Terrorist Friend of Ariana Grande Concert Bomber Being Released from Prison

Police deploy at scene of explosion in Manchester, England, on May 23, 2017 at a concert. British police said early May 23 there were "a number of confirmed fatalities" after reports of at least one explosion during a pop concert by US singer Ariana Grande. Ambulances were seen rushing to …
PAUL ELLIS/AFP via Getty Images

Abdalraouf Abdallah, who was friends with Salman Abedi and was communicating with him in the months leading up to the Manchester Arena terror attack, is due to be released from prison this week.

The inquiry into the Manchester bombing has heard in recent months the details of the two terrorists’ close relationship. Abedi had been friends with Abdallah since 2014, and they had “conversed about martyrdom” between July and November of that year. When Abdallah was on bail, Abedi took him to mosques.

The Manchester bomber then visited Abdallah in prison in 2015 and then again two years later, maintaining contact with the convicted terrorist in the intervening years. He called Abdallah regularly in the months leading up to the terror attack, notably on the same day that he received a delivery of chemicals for his suicide pack. Despite requests from lawyers, Abdallah, 27, has refused to cooperate with authorities conducting the inquiry.

Sources confirmed to Sky News on Thursday that Abdallah is due for release on licence — similar to parole — this week, after having been jailed in 2016 following a conviction for trying to help his brother and two other Islamists to travel to Syria to join Islamic State.

Some of the relatives of the victims have expressed their shock at Abdallah’s forthcoming release. The lawyer of 12 of them told The Times that it was “beyond belief” he was being released given his refusal to cooperate with the Manchester bombing inquiry, as he could shed light on many aspects of the investigation.

Lawyer Victoria Higgins of Slater & Gordon said: “The contact this man had with Salman Abedi in the weeks and months before the Arena bomb is something that the inquiry will be exploring in great detail.”

“This is truly devastating news at what has already been a hugely distressing experience for the families sitting through this inquiry,” Ms Higgins added.

Abdallah has fully completed the custodial portion of his short sentence. He may be recalled to prison if he breaches the terms of his licence, although such conditions have failed to stop early-release terrorists before.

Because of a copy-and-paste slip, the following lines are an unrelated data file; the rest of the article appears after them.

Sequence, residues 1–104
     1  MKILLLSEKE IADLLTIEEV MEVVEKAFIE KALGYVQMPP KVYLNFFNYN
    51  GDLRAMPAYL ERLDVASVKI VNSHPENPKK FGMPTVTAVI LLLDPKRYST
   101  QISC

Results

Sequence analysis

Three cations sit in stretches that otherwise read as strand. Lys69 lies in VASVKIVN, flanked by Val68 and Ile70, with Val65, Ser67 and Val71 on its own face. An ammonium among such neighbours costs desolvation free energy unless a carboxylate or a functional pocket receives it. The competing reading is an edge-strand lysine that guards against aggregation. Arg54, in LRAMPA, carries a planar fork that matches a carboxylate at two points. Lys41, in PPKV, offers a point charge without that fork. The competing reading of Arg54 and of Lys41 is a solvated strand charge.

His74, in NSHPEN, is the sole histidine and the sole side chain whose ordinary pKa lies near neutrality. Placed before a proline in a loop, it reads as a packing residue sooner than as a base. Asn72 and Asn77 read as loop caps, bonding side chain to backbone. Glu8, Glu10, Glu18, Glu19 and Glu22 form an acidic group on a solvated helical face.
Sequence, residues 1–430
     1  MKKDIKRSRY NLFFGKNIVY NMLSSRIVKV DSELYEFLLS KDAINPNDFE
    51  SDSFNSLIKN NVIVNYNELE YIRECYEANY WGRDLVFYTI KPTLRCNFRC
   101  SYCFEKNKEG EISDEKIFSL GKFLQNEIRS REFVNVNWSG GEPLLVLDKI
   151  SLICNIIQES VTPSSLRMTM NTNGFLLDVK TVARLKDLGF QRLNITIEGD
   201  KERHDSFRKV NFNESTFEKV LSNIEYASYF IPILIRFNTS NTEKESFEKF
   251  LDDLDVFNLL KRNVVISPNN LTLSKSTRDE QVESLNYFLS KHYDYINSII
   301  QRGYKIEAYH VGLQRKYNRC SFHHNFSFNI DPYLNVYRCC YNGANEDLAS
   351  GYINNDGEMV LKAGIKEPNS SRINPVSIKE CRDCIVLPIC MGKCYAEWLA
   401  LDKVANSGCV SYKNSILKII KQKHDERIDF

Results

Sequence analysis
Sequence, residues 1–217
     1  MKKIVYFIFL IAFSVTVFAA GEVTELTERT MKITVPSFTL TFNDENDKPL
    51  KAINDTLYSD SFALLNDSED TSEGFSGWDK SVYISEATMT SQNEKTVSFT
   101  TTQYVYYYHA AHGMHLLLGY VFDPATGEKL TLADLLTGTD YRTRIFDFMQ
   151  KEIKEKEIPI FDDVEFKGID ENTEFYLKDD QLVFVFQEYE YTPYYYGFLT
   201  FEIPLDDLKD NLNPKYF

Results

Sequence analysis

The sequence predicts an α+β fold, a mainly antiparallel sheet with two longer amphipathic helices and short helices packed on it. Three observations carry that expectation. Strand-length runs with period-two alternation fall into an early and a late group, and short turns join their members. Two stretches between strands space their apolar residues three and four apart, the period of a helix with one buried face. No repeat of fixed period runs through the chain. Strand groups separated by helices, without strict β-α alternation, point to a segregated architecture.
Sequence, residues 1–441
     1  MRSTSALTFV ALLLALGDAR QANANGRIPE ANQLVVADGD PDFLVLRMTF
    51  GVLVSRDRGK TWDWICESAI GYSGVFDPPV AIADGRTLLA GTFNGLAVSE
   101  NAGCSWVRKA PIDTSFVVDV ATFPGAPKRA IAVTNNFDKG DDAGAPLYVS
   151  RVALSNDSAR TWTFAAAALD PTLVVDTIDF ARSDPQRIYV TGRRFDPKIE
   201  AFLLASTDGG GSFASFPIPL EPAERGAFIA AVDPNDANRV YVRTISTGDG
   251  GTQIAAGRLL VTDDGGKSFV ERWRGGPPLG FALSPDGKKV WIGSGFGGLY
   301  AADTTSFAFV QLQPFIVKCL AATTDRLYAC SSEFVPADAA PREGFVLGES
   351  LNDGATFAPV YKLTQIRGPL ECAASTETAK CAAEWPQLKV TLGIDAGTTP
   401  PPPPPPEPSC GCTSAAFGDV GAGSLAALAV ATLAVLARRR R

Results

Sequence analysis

Abdallah was born in Libya and grew up in the same part of Manchester as the Abedi brothers. In 2010, he travelled to Tripoli to fight and was shot and seriously injured in 2011. The NHS treated him for his injuries, giving what was described as life-saving treatment, after his parents had flown him back to Britain. The jihadist was paralysed from the waist down and is wheelchair-bound.

The terrorist will be subject to a tag on his release and be restricted on his access to electronic devices such as computers. He will be banned from interacting with certain people and will be prohibited from entering Manchester city centre. Additionally, he will be ordered to attend a deradicalisation programme.

The effectiveness of deradicalisation programmes has come under scrutiny in the past 12 months, following the London Bridge terror attack committed in November 2019 by Usman Khan, who was attending a rehabilitation event when he launched his stabbing spree, killing two of the course’s facilitators. Khan was considered a “success story” of an Islamist who turned his life around. King’s College London published a paper in July revealing that terrorists are pretending to be reformed in order to secure early release.

Prime Minister Boris Johnson has previously admitted that “really very few” Islamists are successfully reformed.

Terrorism expert Dr Rakib Ehsan of the Henry Jackson Society warned that Abdallah still represents a risk to national security and should be detained in prison for the full nine-and-a-half years of his sentence.

Dr Ehsan told The Telegraph: “Irrespective of his supposedly strict licensing conditions, releasing Abdallah — a man who has close links to the Manchester Arena bomber Salman Abedi — poses a clear threat to British public safety.

“Given he was released automatically, without a parole hearing, we simply have no idea if he has been ‘deradicalised’ or remains a hardened fundamentalist. All this tells a story of a fundamentally flawed system for dealing with Islamist terrorists.”

The inquiry into the May 2017 terror attack revealed that Britain’s domestic security agency MI5 was aware that Abedi was in contact with Abdallah before the attack, but did not reopen their investigation into Abedi.

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